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British museum celebrates minister who spread Christianity in US
Hundreds of people have gathered for a day of special events at the Black Country museum in Dudley to celebrate the 200th anniversary of the death of a local man who is credited with growing the Church in America.
Bishop Francis Asbury, who was a humble metal worker from the Black Country, travelled to America to answer a request by John Wesley, one of the founders of the Methodist Church, for preachers to serve in America.
It's claimed from fewer than 1,200 members, the Church grew to more than 210,000 thanks to Asbury's efforts.
To celebrate his life, a day of costumed choirs, special services and talks were held at the museum, attended by hundreds of Methodists from across the UK in addition to the museum's regular visitors.
General Secretary of the United Methodist Church General Commission on Archives and History, Revd Fred Day said: "This has been a wonderful and exciting day for us. Asbury is not as well-known as he should be given how important he is to US history. He travelled around 270,000 miles on horseback, telling people about faith, and was even a friend to George Washington."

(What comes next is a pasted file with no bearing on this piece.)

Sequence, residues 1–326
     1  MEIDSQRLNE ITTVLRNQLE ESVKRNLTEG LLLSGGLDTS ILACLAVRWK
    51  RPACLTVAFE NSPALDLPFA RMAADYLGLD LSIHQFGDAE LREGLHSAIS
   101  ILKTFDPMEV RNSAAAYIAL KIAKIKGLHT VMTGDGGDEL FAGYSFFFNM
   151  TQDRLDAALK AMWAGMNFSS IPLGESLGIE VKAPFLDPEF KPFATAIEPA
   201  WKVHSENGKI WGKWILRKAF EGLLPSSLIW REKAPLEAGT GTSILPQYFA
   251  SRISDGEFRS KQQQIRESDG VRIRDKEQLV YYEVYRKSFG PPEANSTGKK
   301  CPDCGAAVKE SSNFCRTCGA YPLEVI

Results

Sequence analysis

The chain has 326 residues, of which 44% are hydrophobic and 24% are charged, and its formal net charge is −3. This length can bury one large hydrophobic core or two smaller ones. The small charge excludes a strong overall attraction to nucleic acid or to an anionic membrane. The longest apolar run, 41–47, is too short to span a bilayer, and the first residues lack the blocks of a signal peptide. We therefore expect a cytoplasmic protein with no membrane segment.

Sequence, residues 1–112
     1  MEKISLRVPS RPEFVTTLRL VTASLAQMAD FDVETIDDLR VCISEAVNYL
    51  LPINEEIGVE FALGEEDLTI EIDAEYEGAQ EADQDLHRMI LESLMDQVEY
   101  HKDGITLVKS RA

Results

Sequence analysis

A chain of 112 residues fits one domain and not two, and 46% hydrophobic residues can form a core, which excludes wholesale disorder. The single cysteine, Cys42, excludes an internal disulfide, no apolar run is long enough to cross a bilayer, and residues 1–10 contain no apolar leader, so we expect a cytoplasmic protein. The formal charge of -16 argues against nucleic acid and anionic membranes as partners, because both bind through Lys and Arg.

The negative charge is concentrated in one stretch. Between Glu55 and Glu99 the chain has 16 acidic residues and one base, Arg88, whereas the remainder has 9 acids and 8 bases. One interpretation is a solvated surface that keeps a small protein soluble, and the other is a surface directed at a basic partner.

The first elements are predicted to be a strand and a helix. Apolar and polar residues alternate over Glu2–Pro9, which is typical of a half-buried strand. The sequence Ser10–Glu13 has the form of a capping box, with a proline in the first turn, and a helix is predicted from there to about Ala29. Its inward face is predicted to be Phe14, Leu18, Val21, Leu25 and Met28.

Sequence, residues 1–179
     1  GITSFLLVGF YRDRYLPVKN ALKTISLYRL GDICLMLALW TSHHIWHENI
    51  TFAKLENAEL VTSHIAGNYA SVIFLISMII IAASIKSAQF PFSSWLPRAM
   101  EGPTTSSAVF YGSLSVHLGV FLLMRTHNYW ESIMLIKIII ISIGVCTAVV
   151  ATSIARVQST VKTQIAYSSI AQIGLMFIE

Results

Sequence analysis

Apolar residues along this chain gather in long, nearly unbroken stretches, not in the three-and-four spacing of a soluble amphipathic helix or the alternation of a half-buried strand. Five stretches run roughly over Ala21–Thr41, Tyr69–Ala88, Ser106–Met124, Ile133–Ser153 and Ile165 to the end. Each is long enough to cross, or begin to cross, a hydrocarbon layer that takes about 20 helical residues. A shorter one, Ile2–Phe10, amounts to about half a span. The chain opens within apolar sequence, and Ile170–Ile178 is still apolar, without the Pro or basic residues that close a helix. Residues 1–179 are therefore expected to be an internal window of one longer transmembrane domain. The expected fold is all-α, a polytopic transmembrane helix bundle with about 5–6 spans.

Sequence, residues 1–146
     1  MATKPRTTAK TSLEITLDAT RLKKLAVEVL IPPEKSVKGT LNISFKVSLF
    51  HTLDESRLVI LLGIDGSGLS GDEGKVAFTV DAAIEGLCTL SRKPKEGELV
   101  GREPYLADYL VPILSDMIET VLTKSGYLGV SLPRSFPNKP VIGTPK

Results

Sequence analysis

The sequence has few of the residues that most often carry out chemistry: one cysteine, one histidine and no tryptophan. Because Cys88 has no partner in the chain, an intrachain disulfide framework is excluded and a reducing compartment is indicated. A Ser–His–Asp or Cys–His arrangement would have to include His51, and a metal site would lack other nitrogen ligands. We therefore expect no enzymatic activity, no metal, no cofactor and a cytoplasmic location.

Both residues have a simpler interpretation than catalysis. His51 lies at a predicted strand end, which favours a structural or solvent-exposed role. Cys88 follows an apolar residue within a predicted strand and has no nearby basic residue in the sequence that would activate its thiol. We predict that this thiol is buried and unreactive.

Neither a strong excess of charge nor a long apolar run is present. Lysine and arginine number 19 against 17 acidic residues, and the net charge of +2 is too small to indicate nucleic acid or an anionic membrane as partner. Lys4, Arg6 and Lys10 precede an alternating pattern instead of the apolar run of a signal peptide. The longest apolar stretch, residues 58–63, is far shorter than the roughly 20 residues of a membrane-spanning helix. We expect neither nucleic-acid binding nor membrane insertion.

Jo Hibbard, the Methodist Church in Britain's Director of Engagement, added: "The day was a great mixture of fun and history, with a lot of us discovering how one man from the Black Country influenced, what went on to become, one of most powerful nations on earth."
Listen to Premier's Mdlands correspondant Daina Anderson speaking to Revd Fred Day.
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